About a year later, the manager position in my old district opened and I was able to return to that district — where I began my career as a sales rep — as the new manager. The time away from my old district was invaluable, as I got a chance to be a manager and learn from my previous team as well as evaluate all the business dynamics across four Midwestern states.

Fundamentally, as a team, we examined the business at a deeper level, mutually agreed on what was needed to succeed month-by-month and put a very clear and compelling plan in place. The month-to- month focus allowed us to assess the plan, adjust and ultimately see the improvement that led to that feeling of momentum that builds belief. That momentum created confidence in the team and the belief that we would succeed. In that first year we went from last place in the region to first in the nation.

The lesson for me was to know the business inside and out. To be able to explain that in terms of connecting the head and the heart by painting a picture that when we do this, we will achieve this and recognizing that people were on board with the plan. And because they got on board with the plan, and they knew it was their plan, they executed, and we ended up succeeding.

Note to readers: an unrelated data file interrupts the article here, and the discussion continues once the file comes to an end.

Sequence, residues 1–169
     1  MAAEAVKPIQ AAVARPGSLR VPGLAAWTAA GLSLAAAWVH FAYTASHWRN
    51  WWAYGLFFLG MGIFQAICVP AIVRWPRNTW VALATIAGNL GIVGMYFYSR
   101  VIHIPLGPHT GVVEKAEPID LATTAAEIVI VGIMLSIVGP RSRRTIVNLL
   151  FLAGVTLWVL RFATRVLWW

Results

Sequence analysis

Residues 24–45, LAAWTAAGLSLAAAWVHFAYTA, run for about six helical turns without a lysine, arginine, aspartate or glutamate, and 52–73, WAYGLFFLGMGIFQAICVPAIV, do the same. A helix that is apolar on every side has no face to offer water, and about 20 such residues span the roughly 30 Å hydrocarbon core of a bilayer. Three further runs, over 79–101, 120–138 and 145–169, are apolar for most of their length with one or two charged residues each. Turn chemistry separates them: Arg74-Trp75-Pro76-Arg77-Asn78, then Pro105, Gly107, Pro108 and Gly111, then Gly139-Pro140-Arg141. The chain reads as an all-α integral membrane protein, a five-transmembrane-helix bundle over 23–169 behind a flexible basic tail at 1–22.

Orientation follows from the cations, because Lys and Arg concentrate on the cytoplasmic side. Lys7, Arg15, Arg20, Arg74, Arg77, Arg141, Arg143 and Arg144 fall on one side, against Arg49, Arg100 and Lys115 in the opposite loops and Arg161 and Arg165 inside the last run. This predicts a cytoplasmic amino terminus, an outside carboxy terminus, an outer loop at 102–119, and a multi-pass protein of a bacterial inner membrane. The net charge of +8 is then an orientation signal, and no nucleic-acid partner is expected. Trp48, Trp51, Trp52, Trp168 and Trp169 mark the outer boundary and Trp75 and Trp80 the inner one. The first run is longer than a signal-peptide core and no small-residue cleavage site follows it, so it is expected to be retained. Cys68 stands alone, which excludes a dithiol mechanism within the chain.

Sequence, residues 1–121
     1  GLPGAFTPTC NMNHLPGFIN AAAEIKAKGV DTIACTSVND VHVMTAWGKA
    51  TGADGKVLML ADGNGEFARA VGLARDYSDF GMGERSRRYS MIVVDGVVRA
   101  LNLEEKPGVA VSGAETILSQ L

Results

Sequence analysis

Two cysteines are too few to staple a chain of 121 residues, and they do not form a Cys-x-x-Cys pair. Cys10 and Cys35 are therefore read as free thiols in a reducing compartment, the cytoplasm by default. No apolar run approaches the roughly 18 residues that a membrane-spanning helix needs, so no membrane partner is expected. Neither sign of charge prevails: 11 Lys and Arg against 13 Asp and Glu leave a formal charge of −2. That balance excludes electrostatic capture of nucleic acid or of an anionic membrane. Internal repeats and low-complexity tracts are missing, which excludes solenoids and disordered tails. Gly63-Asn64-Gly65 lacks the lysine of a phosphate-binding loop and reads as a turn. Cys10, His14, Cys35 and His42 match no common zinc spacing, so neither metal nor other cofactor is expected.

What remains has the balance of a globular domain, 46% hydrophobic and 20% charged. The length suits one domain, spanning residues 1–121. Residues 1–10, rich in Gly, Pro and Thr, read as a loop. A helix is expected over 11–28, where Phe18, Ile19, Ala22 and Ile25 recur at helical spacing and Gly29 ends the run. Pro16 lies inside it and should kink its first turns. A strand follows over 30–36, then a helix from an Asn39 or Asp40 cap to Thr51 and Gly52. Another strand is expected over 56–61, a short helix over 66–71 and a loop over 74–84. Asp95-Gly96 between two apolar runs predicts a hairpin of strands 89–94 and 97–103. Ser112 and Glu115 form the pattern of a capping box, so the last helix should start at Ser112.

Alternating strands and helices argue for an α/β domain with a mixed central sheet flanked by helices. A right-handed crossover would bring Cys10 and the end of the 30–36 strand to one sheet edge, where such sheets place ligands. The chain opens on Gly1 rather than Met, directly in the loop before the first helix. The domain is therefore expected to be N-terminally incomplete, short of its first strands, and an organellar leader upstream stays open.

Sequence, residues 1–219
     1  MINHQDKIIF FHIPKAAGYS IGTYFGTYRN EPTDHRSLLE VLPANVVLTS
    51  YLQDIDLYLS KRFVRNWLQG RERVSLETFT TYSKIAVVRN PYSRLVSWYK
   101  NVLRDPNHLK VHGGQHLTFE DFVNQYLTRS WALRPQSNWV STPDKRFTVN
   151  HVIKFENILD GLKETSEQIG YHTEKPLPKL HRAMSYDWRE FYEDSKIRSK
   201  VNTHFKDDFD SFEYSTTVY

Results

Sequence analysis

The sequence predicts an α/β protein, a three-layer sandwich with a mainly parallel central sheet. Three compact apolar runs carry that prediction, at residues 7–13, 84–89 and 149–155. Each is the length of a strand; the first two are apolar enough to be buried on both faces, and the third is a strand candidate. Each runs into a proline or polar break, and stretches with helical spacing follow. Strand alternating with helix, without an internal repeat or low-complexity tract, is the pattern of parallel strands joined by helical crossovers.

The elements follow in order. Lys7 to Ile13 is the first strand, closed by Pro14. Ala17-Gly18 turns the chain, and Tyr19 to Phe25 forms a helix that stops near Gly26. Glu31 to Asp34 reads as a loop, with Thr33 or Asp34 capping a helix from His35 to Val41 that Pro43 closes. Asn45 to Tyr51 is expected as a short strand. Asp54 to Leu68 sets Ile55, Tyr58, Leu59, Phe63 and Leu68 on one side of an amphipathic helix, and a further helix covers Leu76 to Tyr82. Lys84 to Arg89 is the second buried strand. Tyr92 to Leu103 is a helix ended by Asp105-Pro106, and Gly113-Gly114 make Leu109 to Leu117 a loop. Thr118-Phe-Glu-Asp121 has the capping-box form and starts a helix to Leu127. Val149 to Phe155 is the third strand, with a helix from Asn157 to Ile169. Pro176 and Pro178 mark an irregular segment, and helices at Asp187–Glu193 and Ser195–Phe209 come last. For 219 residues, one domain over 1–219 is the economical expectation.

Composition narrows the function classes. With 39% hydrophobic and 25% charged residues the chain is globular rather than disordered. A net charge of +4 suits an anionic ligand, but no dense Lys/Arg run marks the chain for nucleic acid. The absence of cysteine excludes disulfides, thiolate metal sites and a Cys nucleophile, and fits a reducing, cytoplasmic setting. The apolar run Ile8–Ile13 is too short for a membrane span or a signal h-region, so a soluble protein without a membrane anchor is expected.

John C. Maxwell is credited with saying, “A leader is someone who knows the way, goes the way, and shows the way.” How do you embody that quote as a leader?

I first heard that leadership quote from Fred Hassan who was the CEO of Schering Plough when I was an employee. It immediately resonated with me, and I have followed that approach ever since. How that translates for me is that when you build a team, remember you are part of that team, not apart from that team. Even as a leader, you’re going to be a member of the team. To be a leader means leading by example and a huge part of leading by example is remembering you are part of the team, and not above the team.

How do you define the differences between a leader as a manager and a leader as a coach?